Who was that man walking along Monmouth Street in Red Bank at 11PM last Friday singing Supercalifragilistic… and eliciting smirks from the smokers outside Buona Sera? Well, if you must know, it was me, and it wasn’t just the song from “Mary Poppins” that had me singing; it was the whole shebang that I had just seen at the Count Basie Theatre.
Despite a flaw or two that will escape mention here, the Phoenix Productions “Mary Poppins” is a delight. The 50-member (!) cast is uniformly excellent, thanks to producer Lindsay Wood’s first-rate creative team. Directed with attention to detail by Keith Gissubel, musically coordinated without a hitch by Andrew J. Macirowski and choreographed to the tippy-top of every performer’s ability by Kelly Gemellaro, the show ranks with the best I’ve seen in two decades of covering Phoenix.
With her parrot-head umbrella and bottomless carpet bag, Mary Poppins arrived in 1934, in the first of eight P. L. Travers books about her. She was further immortalized by Julie Andrews in the 1964 Disney movie, and then on stage in the 2004 West End musical that opened on Broadway in 2006, logging 2,619 performances over six-plus years. (The Phoenix run of six performances over two weekends, one already past, seems out of proportion to the preparation work and hardly fair to potential audiences. Just sayin’…)
The books and the musical contain more serious aspects than the bubbly-light movie. There’s more substance to the Banks family, an element that’s portrayed well in this production. Take-charge nanny MaryPoppins (the name morphs into one word) passes her brief interview with Mrs. Banks (“Or I did,” says Mrs. B) and wins over the children with a combination of fair discipline and unmistakable affection. Katherine Le Fevre’s Mary wins over everyone in attendance, staking her claim with her first song, “Prac-ti-ca-lly Perfect,” which pretty much describes her entire performance. Somewhat constrained by the period costumes, a 1900 hazard, she nonetheless moves with grace, articulates with charm, and sings like the proverbial lark. “A Spoonful of Sugar” isn’t too sweet (your teeth don’t ache), “Chim Chim Cheree” is mighty catchy and Ms. Le Fevre’s intro to the rousing Supercali… number paves the way perfectly for that show-stopping joy-fest.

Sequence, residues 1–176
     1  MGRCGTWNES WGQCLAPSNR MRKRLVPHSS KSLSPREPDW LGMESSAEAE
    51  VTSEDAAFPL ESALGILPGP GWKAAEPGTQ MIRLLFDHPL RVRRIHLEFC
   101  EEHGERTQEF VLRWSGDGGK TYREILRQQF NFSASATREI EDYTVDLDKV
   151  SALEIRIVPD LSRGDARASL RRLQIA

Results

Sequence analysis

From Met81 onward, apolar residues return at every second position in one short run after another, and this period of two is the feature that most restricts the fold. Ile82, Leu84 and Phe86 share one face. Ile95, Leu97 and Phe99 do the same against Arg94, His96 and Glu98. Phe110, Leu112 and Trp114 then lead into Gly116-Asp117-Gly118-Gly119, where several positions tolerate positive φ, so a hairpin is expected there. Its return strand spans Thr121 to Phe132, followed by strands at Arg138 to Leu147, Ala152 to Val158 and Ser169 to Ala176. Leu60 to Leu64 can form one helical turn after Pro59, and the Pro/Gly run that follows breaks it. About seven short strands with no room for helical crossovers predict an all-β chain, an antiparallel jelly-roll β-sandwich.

As Bert, Mary’s platonic significant other, Bobby Davis is a Bobby-of-all-talents: setting the scene, schmoozing with Mary or gamboling in the park, the droll comic actor and spiffy dancer is a scene stealer. He heads up “Step in Time,” the second-act ensemble song-and-dance that nearly blows the roof off the Basie.
The Banks family is a believable unit. Bob Brown personifies the emotionally inaccessible father who eventually comes ‘round, while Patricia Delesky makes the emotionally starved mother worth coming ‘round for. (The character is a budding feminist, a nuance Ms. Deleskey plays perfectly.) As the children, Taylor Carpinello and Jack Sweeney are making auspicious Phoenix debuts – fine young performers, both.
Other impressive contributions include Joan Schubin as a nasty nanny who briefly replaces Mary, Ruthie Zekaria Levy as the Bird Woman in the park, and a half-dozen poised statues that come to life. The singing/dancing ensemble – average age about 20, I’d say – is a totally engaged and engaging group of stage gypsies. Technical elements are praiseworthy as well: Ashley R. Cusack and Tom Martini’s sets and Anthony Calicchio’s lighting contribute nicely, as do the outfits from Playtime Costumes. State-of-the-art speaker towers enhance Lou Mannarino’s sound design.
Finally, some of you might be wondering if MaryPoppins arrives or departs through the air? The answer is in the program credits – three words that have buoyed the hearts of theatergoers for years: Flying by Foy. ‘Nuff said.
Count Basie Theatre, Red Bank. Final three performances Fri July 17th at 8pm, Sat 18th at 7pm (note early curtain) and Sun 19th at 3pm. Tickets ($24-$34) at Basie box office.